A Gov­ern­ment That Has Three Months Ahead

The Kurdish Globe - - NEWS - By Gazi Has­san

At the first evening when Abadi’s gov­ern­ment was formed in Bagh­dad, Obama and his ad­min­is­tra­tion con­veyed their pre-made con­grat­u­la­tions quickly to the new PM. With this step taken in Bagh­dad, the ground for Obama’s plan to strike and dis­man­tle ISIS be­came more suit­able, and the con­sti­tu­tional frame­work is formed for aid­ing and sup­port­ing Iraqi army and Pesh­merge in con­fronting ter­ror­ists of the Is­lamic State.

40 states are to take part in Obama’s in­ter­na­tional coali­tion to erad­i­cate ISIS. This is an im­por­tant in­ter­na­tional move for re­con­sid­er­ing the de­vel­op­ments of the Mid­dle East and the man­ner of block­ing the way in front of ter­ror­ist groups. This step re­sem­bles a lit­tle bit the mo­ments of Sec­ond Gulf war. The United States, Coun­cil of Gulf coun­tries, Egypt, Iraq, Jor­dan and Le­banon stated they will be part of the in­ter­na­tional coali­tion. The in­ter­na­tional ground is now pre­pared to strike ISIS in Iraq and Syria.

Iraq will be pro­vided with a good deal of support, but the new gov­ern­ment of Al-Abadi doesn’t seem to be formed on a firm ground of trust and con­fi­dence. The char­ac­ters that played cru­cial roles in Iraq’s se­cu­rity and eco­nomic col­lapse have been given new po­si­tions again. A per­son such as Nuri Al-Ma­liki should’ve been brought to jus­tice. This is what hap­pened in the mo­ments of form­ing the cab­i­net: dur­ing the first half hour of tak­ing oath in the Iraqi coun­cil of rep­re­sen­ta­tives, the process went on with­out pres­ence of Kur­dish rep­re­sen­ta­tives. At the same mo­ment, rep­re­sen­ta­tives of five Kur­dish par­ties, US and UN rep­re­sen­ta­tives met in Suleimaniya, and the decision for tak­ing part in the gov­ern­ment was made co­her­ently. Kurd’s con­di­tions lay in the new gov­ern­ment’s readi­ness and good­will within three months to solve Er­bil-Bagh­dad prob­lems. Some think that Al-Ma­liki was bet­ter than Al-Abadi, be­cause the lat­ter at­tempted marginal­iz­ing Kur­dis­tan even be­fore tak­ing power. This dead­line is too lit­tle for a gov­ern­ment full of crises, but a lot for the Kur­dis­tan Re­gion. Abadi has to lift the sanc­tions Al-Ma­liki im­posed on Kur­dis­tan and has to carry on fight­ing against ISIS and ter­ror­ists. So the three-month time is cru­cial but long for Kur­dis­tan, and it’s not un­likely that Al-Abadi could think of three years in­stead of months.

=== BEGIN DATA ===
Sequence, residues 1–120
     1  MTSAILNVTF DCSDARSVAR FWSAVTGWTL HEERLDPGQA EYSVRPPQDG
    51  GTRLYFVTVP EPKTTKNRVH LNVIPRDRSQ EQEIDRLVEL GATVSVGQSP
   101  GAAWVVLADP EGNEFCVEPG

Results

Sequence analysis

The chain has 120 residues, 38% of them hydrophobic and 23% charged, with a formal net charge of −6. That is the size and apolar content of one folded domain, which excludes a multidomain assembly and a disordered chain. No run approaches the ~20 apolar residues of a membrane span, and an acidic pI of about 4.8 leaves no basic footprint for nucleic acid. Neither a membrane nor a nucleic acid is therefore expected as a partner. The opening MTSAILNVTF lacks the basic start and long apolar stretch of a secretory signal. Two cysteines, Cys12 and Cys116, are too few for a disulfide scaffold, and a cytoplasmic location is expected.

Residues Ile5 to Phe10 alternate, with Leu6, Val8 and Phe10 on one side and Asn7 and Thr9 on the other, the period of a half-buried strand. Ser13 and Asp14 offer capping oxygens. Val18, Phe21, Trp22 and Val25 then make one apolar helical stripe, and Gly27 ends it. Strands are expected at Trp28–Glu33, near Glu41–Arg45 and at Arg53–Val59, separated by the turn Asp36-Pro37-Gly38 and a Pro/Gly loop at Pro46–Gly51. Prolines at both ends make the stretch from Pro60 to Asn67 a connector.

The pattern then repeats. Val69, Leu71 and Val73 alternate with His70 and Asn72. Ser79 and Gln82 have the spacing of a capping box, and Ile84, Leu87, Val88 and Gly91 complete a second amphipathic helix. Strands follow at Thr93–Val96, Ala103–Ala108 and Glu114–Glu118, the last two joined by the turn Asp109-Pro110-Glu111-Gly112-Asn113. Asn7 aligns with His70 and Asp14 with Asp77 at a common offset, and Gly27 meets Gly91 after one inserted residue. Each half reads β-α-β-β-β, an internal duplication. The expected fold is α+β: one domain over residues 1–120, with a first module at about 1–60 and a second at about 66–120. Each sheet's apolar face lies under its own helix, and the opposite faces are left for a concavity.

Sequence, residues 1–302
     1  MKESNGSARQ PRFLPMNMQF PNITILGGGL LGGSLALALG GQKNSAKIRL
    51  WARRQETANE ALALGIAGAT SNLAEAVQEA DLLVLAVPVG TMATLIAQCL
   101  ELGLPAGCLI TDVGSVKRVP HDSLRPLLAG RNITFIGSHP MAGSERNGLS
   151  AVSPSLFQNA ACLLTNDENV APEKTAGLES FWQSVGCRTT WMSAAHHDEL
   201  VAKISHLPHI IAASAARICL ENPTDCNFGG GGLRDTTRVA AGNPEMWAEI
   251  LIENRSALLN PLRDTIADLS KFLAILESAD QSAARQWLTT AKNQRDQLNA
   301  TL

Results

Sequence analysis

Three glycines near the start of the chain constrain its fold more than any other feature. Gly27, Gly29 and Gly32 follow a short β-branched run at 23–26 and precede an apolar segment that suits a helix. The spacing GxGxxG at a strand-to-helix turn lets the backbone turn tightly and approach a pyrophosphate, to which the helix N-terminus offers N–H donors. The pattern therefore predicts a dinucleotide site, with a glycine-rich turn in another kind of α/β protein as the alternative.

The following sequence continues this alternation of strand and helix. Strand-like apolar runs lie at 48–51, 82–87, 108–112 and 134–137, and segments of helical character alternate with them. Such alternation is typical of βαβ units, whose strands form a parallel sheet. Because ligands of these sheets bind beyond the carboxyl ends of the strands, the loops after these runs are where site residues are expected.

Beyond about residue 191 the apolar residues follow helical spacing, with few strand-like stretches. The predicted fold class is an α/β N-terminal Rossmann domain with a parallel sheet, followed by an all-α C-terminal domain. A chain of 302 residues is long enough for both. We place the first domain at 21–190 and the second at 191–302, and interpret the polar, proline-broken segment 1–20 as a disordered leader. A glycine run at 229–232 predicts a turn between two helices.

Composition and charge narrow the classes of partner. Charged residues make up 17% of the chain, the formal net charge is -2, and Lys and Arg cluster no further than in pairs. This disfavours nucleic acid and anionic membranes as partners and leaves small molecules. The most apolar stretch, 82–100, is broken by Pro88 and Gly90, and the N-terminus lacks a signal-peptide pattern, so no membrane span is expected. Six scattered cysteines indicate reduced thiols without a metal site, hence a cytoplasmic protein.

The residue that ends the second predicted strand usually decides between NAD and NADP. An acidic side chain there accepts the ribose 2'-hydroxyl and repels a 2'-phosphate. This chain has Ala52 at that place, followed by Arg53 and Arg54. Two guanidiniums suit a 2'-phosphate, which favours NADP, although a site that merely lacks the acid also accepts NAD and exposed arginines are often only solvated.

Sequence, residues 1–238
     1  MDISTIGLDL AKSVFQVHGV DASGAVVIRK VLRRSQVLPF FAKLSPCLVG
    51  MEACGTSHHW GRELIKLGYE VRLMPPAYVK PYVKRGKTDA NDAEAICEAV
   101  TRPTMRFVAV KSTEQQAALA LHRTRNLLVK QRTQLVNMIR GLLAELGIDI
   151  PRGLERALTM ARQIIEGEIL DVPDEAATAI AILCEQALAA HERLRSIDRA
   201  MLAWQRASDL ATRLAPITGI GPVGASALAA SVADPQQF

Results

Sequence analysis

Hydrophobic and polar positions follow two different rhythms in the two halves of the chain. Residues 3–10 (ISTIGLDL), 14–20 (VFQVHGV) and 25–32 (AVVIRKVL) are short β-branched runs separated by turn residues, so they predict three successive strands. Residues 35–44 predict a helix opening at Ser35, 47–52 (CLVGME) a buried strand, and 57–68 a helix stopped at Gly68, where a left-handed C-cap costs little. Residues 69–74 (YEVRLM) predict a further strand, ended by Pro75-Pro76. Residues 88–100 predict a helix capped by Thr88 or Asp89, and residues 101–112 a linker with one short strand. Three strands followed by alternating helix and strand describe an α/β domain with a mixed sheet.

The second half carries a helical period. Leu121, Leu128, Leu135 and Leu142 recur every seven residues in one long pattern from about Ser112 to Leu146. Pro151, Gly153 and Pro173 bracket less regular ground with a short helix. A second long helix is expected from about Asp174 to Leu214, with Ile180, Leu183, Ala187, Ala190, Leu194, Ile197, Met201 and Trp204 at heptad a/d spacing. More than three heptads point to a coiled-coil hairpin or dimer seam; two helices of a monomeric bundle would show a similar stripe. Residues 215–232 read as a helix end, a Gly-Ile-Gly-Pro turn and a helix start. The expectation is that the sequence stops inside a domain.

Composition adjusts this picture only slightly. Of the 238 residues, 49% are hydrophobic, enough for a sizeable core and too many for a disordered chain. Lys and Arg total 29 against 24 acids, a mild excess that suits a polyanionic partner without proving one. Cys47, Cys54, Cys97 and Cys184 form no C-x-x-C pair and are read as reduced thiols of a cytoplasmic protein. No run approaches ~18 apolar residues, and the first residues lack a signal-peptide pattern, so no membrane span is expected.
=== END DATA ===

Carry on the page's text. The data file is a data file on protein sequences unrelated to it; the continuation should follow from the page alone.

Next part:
The for­ma­tion of the new cab­i­net doesn’t seem to have in­ten­tions to change the po­lit­i­cal men­tal­ity and style of gov­ern­ing in Bagh­dad. How­ever, the Kurds seem to have been forced to take part in the gov­ern­ment. The in­ter­na­tional coali­tion in con­fronting ISIS also needs a pre-ex­ist­ing in­ter­nal agree­ment in Iraq, even tem­po­rar­ily. In all this, no sig­nif­i­cance is given to As­sad’s gov­ern­ment, Iran and their al­lies in or­der to be part of the coali­tion. The Kur­dis­tan Re­gion, on the other hand, has been the ac­tive and ef­fec­tive force to re­pulse the ISIS. It will cer­tainly play a sig­nif­i­cant role in this new in­ter­na­tional de­vel­op­ments. So any po­lit­i­cal sta­bil­ity in th­ese cir­cum­stances could bring about a great wave of po­lit­i­cal change.

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